Sunday, October 11, 2009
A portmanteau is a blending of two different words and their meanings. The word itself, in this context, was apparently invented by Lewis Carrol.
So some portmanteaus grate on my nerves. Labradoodle, Brangelina, and other designer words are manufactured and created by marketing departments in order to sell something flashy and fab.
And some portmanteaus are so accepted that you—or I at least—rarely notice them as being a jumble of two different things. Like brunch. Or spork, blog, and wikipedia. These words seem more natural, at least.
So Grant Peterson, of Rivendell Bicycle Works, apparently coined the portmanteau beausage in an article he wrote for the Rivendell Reader, the bike shop's newsletter. Rick Smith used the word in the 10/11/2009 episode of Yehuda Moon.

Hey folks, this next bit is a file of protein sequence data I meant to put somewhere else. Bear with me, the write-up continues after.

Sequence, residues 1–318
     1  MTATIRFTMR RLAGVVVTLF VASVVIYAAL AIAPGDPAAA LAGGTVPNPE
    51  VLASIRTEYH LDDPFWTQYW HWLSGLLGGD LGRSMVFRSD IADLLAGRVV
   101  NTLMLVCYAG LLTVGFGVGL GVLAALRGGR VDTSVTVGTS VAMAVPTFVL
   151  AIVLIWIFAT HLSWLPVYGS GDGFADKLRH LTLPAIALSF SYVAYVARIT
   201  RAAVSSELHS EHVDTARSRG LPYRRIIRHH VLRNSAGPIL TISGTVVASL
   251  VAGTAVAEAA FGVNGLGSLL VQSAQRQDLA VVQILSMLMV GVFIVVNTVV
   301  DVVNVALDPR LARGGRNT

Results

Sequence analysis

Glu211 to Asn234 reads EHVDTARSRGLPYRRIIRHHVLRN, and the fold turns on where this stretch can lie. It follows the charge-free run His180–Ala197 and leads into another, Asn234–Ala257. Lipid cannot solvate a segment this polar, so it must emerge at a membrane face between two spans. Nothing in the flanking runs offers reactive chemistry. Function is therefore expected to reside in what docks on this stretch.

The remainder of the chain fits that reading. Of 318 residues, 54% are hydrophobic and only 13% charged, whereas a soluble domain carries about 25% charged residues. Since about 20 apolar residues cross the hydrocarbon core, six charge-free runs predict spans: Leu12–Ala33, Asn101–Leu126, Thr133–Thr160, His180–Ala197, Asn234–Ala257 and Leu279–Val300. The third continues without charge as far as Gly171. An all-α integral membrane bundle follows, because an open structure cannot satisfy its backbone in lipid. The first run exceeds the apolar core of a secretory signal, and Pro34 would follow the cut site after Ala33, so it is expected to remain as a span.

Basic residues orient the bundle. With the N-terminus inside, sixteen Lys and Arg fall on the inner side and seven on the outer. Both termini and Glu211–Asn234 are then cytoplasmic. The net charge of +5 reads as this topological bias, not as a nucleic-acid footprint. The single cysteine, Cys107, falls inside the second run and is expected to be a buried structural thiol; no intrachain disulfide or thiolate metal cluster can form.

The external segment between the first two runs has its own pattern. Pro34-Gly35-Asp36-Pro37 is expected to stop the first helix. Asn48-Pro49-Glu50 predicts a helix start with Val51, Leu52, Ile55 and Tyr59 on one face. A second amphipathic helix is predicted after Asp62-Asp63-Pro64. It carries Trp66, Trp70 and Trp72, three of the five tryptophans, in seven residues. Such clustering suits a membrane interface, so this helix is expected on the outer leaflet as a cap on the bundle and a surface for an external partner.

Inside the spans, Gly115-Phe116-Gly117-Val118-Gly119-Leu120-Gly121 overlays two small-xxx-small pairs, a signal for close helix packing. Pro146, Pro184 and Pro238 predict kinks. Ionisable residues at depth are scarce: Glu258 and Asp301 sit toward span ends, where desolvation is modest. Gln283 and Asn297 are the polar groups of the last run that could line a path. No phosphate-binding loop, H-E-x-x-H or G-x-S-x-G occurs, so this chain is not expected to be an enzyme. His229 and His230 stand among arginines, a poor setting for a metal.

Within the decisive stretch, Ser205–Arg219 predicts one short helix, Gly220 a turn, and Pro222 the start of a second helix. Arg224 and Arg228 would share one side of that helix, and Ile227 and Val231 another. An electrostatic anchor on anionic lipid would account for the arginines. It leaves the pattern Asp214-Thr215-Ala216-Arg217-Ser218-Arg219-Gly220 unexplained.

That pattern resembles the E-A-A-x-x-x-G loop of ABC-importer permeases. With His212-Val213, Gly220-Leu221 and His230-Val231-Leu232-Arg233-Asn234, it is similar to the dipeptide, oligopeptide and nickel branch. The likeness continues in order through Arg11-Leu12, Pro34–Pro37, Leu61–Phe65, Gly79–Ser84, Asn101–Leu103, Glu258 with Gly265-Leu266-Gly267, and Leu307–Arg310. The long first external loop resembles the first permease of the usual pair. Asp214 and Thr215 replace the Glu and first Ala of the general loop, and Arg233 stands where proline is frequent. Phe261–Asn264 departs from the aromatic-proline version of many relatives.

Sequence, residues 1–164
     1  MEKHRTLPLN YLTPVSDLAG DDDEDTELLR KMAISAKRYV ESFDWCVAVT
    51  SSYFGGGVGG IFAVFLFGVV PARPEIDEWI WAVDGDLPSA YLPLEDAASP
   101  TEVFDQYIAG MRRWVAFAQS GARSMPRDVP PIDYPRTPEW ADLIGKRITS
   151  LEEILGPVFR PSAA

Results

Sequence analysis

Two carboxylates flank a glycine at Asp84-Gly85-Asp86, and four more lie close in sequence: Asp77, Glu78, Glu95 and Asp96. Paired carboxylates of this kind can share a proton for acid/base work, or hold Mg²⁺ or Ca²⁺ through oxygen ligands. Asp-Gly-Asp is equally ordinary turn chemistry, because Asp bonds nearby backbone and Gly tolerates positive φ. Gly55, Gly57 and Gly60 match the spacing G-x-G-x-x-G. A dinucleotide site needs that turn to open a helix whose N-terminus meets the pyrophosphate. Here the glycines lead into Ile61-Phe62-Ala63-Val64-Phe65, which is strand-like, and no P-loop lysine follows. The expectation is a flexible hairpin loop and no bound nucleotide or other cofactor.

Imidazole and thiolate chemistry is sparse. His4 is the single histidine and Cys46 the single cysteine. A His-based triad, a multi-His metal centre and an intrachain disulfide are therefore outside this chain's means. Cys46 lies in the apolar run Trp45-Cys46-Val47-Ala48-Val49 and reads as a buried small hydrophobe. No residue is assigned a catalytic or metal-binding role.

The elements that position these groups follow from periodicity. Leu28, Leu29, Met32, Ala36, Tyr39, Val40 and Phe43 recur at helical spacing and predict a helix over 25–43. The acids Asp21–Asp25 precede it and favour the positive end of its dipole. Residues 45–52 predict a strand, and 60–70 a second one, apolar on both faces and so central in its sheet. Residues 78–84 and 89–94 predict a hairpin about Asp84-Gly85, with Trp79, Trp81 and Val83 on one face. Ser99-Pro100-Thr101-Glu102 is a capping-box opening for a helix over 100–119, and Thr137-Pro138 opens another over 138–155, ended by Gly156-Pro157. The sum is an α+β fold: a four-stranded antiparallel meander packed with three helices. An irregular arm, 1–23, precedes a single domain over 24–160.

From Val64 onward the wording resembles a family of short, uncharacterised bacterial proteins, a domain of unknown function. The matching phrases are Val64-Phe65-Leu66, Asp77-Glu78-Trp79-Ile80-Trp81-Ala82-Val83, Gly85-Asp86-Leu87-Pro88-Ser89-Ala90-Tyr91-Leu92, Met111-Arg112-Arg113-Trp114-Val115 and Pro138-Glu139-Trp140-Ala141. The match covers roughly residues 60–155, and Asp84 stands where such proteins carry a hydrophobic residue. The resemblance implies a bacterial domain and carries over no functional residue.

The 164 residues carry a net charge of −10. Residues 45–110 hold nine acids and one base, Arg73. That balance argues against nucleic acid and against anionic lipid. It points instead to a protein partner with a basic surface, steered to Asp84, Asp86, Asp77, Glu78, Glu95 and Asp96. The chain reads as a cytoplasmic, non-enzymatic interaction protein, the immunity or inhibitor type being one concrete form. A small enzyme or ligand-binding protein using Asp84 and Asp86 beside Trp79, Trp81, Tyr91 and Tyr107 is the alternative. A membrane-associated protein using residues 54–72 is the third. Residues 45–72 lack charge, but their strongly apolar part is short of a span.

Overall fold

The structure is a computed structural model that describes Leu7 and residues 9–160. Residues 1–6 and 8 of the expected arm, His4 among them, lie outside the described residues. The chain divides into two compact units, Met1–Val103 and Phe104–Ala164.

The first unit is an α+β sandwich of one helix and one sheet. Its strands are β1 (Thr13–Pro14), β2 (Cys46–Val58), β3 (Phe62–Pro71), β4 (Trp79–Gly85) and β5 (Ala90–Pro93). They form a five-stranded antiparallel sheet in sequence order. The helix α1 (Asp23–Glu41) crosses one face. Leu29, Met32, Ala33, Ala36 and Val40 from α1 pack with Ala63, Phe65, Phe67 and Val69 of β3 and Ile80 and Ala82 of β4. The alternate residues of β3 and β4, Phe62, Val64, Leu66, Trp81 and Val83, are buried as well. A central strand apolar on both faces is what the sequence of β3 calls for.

I think it's a pretty great word, with great potential to be used "in the wild."
It's a blend of "beauty" and "usage," and is used to describe a beauty that comes from or through use. Like dings and nicks on a trusty bicycle. Or a leather bicycle saddle once it has been broken in and has adopted the shape of its rider's bottom. Certain sets of kitchen knives acquire beausage after many years. Or—and this might be the perfect example—musical instruments. Like Trigger, Willie's guitar.
Where pronunciation is concerned, I'm going to go ahead and say that the American pronunciation ("BYOO-sij") and the French pronunciation ("bo-SAHG") are equally acceptable.
I'm looking forward to noticing and appreciating examples of beausage in the future.